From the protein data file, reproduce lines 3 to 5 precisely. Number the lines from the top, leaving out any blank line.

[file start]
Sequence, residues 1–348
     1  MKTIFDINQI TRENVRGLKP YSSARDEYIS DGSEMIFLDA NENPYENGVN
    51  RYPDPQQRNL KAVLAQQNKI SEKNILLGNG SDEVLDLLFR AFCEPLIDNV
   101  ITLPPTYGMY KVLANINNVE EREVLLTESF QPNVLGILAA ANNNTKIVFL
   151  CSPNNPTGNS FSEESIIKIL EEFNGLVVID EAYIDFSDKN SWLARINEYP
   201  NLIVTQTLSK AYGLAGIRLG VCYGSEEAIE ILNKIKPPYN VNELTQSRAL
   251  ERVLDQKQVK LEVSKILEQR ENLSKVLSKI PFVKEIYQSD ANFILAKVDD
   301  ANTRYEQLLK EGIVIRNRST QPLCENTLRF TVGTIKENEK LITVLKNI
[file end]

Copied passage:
    51  RYPDPQQRNL KAVLAQQNKI SEKNILLGNG SDEVLDLLFR AFCEPLIDNV
   101  ITLPPTYGMY KVLANINNVE EREVLLTESF QPNVLGILAA ANNNTKIVFL
   151  CSPNNPTGNS FSEESIIKIL EEFNGLVVID EAYIDFSDKN SWLARINEYP